AKSHITA: So I initially joined Tufts with the intention to just major in biomedical engineer because biology was my favorite subject in high school. But I've always really liked the hands on aspect of mechanical engineering, so I was also part of the robotics team.

And, I don't know, I just always liked designing and actually tinkering around with tools. I did a couple of BME classes my freshman and sophomore year, but also some intro level engineering class that crossed over with mechanical engineering department.

And I think that halfway through my sophomore year I realized that I actually enjoyed my mechanical engineering classes just a little more than my biology classes.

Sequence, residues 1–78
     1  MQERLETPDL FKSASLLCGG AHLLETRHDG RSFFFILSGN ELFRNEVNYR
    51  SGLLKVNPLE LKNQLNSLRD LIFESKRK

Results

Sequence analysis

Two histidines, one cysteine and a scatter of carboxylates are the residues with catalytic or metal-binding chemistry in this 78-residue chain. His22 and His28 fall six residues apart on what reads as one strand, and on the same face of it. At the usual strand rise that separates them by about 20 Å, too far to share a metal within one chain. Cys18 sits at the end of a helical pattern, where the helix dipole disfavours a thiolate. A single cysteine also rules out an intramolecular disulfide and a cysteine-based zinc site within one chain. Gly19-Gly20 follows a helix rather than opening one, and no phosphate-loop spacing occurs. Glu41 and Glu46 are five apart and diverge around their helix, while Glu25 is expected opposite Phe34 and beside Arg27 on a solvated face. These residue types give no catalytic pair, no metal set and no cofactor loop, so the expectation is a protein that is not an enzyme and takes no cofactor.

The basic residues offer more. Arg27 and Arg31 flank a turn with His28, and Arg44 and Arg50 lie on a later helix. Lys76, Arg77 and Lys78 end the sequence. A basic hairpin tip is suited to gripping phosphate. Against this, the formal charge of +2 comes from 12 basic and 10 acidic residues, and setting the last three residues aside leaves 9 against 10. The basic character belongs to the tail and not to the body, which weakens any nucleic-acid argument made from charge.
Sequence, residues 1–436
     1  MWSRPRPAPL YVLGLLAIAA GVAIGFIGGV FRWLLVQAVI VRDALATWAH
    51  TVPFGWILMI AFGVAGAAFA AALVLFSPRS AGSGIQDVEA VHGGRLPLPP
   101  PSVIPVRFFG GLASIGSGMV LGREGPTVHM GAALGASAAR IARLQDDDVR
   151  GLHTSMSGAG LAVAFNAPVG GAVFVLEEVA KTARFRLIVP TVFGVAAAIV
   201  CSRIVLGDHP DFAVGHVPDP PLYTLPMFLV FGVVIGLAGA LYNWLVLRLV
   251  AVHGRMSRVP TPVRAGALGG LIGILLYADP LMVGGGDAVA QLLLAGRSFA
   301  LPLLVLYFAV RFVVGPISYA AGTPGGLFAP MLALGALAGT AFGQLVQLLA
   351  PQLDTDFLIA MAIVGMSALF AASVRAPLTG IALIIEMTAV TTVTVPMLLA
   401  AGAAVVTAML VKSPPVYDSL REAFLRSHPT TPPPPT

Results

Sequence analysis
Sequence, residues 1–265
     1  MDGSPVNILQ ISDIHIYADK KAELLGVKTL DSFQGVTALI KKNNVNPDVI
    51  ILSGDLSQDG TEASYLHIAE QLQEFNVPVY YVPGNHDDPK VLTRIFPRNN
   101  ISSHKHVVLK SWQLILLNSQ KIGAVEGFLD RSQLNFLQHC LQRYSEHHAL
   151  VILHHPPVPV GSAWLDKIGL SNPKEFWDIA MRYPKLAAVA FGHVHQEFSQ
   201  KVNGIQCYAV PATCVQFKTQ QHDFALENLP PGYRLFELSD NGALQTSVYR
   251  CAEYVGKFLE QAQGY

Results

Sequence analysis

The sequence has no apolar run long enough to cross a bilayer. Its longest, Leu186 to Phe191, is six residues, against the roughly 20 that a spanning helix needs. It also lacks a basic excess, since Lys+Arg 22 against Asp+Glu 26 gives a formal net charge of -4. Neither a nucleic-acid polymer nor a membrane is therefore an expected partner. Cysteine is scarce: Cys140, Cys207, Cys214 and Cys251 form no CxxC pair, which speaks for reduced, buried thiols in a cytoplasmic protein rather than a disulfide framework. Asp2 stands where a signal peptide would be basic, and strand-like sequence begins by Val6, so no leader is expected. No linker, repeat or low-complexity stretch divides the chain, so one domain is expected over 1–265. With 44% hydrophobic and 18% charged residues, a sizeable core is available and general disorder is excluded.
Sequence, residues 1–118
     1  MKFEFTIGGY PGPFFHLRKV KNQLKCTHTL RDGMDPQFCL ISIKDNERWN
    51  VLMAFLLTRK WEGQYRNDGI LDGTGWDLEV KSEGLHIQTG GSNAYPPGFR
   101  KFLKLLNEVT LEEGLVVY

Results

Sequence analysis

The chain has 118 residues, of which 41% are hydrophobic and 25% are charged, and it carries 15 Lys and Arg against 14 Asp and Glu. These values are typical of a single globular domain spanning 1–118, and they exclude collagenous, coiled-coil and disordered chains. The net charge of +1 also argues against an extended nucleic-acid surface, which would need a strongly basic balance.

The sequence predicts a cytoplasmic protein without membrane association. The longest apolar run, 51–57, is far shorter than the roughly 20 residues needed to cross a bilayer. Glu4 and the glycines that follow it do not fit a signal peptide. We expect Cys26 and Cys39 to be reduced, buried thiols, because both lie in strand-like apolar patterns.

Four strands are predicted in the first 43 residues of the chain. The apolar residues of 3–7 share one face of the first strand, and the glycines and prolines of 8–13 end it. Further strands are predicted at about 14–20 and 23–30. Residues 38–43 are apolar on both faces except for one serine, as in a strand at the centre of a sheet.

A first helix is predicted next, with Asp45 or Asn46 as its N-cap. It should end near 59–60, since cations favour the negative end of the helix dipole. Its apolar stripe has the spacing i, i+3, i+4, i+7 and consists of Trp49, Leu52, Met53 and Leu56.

And I realized it's because I've always been interested in how devices work and how they function. The mechanical engineering department here really focused on creating and designing devices that I was interested in.

ERIC: And why did you decide to keep both instead of switching to mechanical engineering?

AKSHITA: I didn't want to quit BME entirely because I still enjoy learning about the different biology applications and everything. Majoring in mechanical engineering has really given me a great exposure to all of the mechanics and structural materials that you learn through studying mechanical engineering.

ERIC: And do you think studying both gives you a unique approach to problems in biomedical engineering?